CA on Wednesday stepped up its cloud computing push with a series of products designed to automate and manage data centers and allow customers to easily swap between various providers.
The initiative, dubbed cloud choice, revolves around deploying, planning, designing and delivering public and private cloud services.
According to CA, the company is rolling out 10 new cloud-focused products. The top ones include:
- CA Business Service Insight 8.0 is designed to measure service levels.
- CA Automation Suite for Datacenters 12.5 allows customers to move between private and public cloud vendors.
- CA Automation Suite for Clouds 1.0 provides quick provisioning of cloud infrastructure in heterogeneous and hybrid environments.
- CA AppLogic, which is helps design and deliver cloud services.
- CA Cloud Market Accelerator for Service Providers provides tools for sales, collaboration and co-marketing cloud services.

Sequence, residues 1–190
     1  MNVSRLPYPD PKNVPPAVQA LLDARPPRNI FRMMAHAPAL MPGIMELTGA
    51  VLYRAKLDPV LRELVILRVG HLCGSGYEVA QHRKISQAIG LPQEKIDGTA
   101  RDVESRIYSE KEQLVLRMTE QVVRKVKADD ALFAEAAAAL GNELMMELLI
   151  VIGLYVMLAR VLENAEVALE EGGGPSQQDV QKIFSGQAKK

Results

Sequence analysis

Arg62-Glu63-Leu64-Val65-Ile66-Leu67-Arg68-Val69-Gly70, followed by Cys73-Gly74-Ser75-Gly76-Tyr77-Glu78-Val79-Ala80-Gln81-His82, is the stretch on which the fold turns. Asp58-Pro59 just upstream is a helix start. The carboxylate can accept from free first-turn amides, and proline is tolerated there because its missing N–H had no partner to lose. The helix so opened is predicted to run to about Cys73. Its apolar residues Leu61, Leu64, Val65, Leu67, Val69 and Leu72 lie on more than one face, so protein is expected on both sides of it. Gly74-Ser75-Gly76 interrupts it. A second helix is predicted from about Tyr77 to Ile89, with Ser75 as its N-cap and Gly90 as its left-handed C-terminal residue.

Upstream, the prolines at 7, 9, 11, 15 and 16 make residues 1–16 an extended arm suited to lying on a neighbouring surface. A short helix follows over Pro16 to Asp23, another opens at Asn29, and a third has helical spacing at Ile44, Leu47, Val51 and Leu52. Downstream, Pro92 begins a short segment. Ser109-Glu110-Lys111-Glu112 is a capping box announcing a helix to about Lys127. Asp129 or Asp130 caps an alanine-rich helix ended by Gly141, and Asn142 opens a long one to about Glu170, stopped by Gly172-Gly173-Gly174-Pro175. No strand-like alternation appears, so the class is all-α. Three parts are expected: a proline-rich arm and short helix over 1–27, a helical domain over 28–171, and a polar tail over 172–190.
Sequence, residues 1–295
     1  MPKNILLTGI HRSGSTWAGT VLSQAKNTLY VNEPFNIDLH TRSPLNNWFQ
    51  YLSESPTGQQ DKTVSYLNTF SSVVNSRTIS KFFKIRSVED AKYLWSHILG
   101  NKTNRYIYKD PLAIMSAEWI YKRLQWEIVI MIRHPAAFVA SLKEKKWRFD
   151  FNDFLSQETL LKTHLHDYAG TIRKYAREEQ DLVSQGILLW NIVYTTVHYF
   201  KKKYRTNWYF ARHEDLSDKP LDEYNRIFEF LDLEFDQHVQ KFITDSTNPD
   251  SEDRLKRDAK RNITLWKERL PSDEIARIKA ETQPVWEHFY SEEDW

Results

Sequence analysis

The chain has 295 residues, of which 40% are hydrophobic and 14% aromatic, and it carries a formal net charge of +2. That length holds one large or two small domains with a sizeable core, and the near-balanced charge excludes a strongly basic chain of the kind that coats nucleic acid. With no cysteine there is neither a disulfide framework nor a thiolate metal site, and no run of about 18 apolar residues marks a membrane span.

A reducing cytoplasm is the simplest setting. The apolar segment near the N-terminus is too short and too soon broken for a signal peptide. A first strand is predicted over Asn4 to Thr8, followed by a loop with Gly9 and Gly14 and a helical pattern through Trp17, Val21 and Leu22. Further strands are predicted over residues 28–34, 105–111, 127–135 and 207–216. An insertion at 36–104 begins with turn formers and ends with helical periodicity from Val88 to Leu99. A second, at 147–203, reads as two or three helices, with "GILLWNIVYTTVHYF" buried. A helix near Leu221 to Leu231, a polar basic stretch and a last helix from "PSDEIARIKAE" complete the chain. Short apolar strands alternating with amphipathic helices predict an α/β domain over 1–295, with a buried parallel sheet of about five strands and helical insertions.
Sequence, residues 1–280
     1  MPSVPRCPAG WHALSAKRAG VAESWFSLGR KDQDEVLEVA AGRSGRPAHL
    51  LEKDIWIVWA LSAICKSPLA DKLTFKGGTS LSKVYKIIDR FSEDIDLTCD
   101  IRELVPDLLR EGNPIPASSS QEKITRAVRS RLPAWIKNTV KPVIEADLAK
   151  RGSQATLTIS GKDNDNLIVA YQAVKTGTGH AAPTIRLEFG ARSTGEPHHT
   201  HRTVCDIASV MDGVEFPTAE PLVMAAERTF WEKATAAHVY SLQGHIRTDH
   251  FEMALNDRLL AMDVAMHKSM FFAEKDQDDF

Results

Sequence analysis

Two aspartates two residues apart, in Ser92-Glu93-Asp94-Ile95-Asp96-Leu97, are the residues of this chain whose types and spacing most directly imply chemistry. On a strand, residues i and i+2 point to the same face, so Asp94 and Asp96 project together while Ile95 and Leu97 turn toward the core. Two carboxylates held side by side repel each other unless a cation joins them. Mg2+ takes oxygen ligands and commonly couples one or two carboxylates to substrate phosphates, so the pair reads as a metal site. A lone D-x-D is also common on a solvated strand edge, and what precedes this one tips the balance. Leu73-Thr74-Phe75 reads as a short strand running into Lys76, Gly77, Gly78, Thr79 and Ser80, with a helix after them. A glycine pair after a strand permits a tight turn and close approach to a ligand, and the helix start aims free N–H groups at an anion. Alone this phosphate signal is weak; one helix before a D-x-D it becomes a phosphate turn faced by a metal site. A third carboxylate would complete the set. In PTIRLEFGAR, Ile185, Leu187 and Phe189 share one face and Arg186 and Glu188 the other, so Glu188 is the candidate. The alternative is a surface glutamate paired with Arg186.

Add it up and traditional datacenter management companies such as CA and BMC are moving to support hybrid environments that involve a mix of legacy and cloud gear. The general theme is that enterprises will be able to easily hop between providers while monitoring service levels.
On CA's fiscal first quarter conference call, CEO William McCracken said the company has built its strategy around cloud management. "We believe our years of experience and core strength in traditional IT management and security, combined with significant investments in our portfolio, will position us as the standard in the industry," said McCracken.
However, CA's cloud focus isn't mature enough to juice revenue growth. CA reported first quarter earnings of $228 million, or 45 cents a share, on revenue of $1.16 billion, up 9 percent from a year ago. Non-GAAP earnings were 55 cents a share, 4 cents better than Wall Street estimates.
The company's outlook for fiscal 2012 was in line with its previous guidance. CA projected revenue growth of 6 percent to 8 percent for the fiscal year ($4.9 billion to $5 billion). Non-GAAP earnings will be $2.14 a share to $2.21 a share. CA also said it would cut about 500 jobs as it pruned units and product lines.
Analysts said that CA's sales struggled in Europe, but revenue in the U.S. was solid due to IBM's mainframe upgrade cycle. "We believe CA continues to struggle to reaccelerate growth, despite several acquisitions over the past 12 months," said Barclays Capital analyst Israel Hernandez.